Hellraiser: Bloodline


Reviewed by: Jennie Kermode

Hellraiser: Bloodlines
"The good stuff is fairly evenly distributed which helps to keep the film watchable, but Yagher's work in building up atmosphere is repeatedly squandered."

Cenobites in space. The third sequel in a franchise that started flagging after the first part. An Allan Smithee film. Nothing looks promising about Hellraiser IV. The result is that viewers may enjoy it much more than they expected to.

Let's deal with the space angle first. It looks curious now, badly aged, with a 22nd Century scenario whose tech is primitive; but it is, mercifully, only a framing device, with most of the narrative set in the past. If you can ignore the shots of starfields and spaceships which, despite a £4m budget, look far inferior to what Babylon 5 achieved two years earlier on an eighth of that, the interior scenes offer little that differs from the Asylum approach of having character run around a warehouse. This means that only so much can go wrong.

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The earlier part of the story, told in flashback, plunges us into a world of 18th Century French aristocrats with too much time on their hands, and concerns itself with the crafting of the original puzzle box by a toymaker who subsequently sees the error of his ways. The eras are linked by the line of his descendants, all cursed by his sin and, naturally, played by the same actor (Bruce Ramsay); and by a demon bound into the body of an unfortunate peasant (Valentina Vargas). The latter is hunting for the former, who has regained possession of the box. Also on the trail is Pinhead (Doug Bradley), a late arrival who immediately insists that he's the one who should be in charge, telling the demon that Hell isn't what it used to be.

There's a lot of cheese here but also a fair amount of storytelling potential. It's well shot by director Kevin Yagher, who also gets the best performance so far out of Bradley despite the silliness of much of the dialogue. Sadly the producers did a bit of a Caligula on him, and not so fortuitously. After he had finished working, extra scenes were added and the film was cut into something so different that he disowned it. One can only imagine that the original was more coherent. It's not hard to see the joins, with some scenes beautifully framed and lit, others looking like telenovela cast-offs. The good stuff is fairly evenly distributed which helps to keep the film watchable, but Yagher's work in building up atmosphere is repeatedly squandered.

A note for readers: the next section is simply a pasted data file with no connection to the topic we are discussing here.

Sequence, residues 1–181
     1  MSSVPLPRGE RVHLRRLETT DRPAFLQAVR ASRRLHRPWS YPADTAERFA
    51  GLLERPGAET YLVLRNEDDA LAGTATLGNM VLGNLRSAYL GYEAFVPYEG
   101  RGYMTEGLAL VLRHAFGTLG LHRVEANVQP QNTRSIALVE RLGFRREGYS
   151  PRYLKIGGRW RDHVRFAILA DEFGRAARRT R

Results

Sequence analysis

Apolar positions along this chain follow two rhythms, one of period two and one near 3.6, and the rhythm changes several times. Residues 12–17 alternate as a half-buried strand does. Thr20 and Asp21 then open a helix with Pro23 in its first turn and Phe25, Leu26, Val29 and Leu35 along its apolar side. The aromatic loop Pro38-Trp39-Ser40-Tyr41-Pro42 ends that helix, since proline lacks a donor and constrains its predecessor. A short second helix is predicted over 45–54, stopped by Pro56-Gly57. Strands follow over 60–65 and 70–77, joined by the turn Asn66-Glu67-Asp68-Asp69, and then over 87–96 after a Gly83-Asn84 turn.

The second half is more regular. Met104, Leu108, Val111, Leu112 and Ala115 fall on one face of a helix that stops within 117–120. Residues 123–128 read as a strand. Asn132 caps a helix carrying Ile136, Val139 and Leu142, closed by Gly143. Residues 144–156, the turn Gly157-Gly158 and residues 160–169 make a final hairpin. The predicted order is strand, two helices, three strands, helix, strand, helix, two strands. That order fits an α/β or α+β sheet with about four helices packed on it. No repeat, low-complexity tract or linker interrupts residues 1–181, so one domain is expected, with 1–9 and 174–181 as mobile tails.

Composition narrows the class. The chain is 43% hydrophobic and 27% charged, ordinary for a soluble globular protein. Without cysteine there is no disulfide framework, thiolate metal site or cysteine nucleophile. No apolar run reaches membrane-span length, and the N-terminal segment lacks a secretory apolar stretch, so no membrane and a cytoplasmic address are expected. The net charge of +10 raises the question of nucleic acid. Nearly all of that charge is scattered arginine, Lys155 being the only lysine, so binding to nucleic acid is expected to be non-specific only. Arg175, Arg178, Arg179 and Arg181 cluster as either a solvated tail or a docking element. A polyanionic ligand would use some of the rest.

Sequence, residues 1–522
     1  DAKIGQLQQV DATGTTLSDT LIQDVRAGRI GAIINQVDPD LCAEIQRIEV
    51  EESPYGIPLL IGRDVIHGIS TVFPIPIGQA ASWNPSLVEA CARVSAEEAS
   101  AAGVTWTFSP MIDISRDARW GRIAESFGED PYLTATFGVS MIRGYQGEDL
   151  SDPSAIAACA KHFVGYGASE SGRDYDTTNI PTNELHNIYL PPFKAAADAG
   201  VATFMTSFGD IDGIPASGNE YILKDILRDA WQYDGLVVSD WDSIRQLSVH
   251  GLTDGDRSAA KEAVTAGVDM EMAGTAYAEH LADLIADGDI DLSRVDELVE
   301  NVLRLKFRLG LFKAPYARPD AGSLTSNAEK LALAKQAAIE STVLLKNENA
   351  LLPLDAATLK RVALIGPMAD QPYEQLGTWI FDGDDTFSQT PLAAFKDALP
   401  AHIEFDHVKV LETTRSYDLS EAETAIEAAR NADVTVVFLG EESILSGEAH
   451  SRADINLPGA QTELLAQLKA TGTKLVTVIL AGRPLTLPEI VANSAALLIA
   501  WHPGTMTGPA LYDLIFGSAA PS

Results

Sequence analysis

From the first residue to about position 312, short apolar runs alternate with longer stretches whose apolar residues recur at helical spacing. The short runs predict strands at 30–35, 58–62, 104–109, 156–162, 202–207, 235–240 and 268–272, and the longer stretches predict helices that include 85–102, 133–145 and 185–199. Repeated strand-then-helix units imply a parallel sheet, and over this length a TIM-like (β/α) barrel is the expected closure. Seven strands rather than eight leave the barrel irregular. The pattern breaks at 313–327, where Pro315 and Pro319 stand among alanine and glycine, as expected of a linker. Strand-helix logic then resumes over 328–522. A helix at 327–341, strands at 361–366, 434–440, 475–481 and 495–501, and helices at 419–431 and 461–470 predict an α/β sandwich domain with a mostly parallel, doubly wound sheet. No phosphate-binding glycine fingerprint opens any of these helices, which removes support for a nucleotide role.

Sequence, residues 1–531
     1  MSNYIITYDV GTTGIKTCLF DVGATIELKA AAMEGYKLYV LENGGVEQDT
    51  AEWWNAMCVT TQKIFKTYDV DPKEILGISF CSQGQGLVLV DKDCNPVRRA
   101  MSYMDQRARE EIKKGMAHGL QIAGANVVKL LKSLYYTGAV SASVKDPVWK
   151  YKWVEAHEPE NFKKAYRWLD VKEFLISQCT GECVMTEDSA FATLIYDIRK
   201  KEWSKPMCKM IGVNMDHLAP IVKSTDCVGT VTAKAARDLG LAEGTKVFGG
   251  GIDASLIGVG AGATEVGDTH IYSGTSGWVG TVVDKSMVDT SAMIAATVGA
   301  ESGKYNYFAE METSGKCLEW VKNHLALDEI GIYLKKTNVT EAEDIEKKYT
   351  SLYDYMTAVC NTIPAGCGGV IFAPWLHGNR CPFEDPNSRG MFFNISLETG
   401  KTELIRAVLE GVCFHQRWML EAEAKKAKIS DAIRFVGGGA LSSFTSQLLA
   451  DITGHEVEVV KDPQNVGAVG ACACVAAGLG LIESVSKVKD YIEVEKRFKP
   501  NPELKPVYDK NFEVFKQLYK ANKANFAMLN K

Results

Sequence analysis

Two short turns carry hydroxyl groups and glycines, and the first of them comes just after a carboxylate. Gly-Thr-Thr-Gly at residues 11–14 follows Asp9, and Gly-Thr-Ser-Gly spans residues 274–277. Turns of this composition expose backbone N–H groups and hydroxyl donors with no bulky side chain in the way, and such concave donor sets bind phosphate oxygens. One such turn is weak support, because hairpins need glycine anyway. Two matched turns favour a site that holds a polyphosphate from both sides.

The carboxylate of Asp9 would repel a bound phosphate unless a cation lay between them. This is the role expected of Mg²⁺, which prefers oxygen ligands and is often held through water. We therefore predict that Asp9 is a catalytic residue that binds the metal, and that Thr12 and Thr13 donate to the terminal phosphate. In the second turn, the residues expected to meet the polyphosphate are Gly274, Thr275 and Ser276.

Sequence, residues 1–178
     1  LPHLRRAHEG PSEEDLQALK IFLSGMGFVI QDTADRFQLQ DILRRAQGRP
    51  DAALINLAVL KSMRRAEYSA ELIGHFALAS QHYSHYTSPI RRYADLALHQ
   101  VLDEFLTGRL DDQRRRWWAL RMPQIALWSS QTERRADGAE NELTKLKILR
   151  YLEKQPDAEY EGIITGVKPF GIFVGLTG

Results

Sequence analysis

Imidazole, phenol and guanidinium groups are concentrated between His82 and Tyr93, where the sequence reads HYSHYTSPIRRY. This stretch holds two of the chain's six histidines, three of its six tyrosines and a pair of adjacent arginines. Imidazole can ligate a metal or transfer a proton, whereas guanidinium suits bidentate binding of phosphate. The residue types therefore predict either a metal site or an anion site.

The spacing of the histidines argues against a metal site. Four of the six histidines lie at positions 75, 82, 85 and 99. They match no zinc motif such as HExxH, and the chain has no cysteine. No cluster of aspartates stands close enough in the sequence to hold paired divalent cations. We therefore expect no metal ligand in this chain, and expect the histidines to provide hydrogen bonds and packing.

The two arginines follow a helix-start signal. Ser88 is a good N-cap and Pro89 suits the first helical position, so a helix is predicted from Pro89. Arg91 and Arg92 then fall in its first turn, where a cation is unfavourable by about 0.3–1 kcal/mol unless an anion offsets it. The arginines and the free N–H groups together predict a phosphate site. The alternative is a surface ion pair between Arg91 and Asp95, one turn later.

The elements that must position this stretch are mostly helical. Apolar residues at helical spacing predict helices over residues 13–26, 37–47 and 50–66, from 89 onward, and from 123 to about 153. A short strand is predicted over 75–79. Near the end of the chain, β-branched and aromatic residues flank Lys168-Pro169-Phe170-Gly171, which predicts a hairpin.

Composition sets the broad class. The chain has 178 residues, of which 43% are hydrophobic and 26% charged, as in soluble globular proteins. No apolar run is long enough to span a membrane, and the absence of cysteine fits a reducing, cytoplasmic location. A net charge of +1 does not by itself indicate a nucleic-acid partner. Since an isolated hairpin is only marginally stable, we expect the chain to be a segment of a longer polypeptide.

In the lead, Ramsey is a passable actor but not a particularly charismatic one. The more capable Vargas faces the indignity of being sidelined in every scene with Bradley, and a subplot involving an abducted wife and child emphasises the sexism which the series intermittently mistakes for eroticism. There is some genuine eroticism in this film, however, with Yagher making the mos of his libertines and Vargas - in pre-demon form - reintroducing the submissive element that balanced the original. There's also a later scene with blond twin security guards which is rather more cheap and cheerful but doubtless appeals strongly to some. The inevitable flesh-hooks are much better presented than in previous installments and will look believable to those not familiar with the real thing.

In sum, this curious hybrid film scores more successes than most would anticipate, but it still has a lot of flaws. It's the last film in the franchise to date that Clive Barker was directly involved with, and the last to develop it story around the original premise rather than simply tacking Hellraiser elements onto a pre-existing script. As such it's one which, for all its problems, fans will want to seek out.

Reviewed on: 30 Apr 2017
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A descendant of the toymaker who made the original Hellraiser puzzle box sets out to close the gates to Hell forever. In space.

Director: Alan Smithee

Writer: Peter Atkins

Starring: Bruce Ramsay, Valentina Vargas, Doug Bradley, Charlotte Chatton, Adam Scott, Kim Myers

Year: 1996

Runtime: 85 minutes

Country: US


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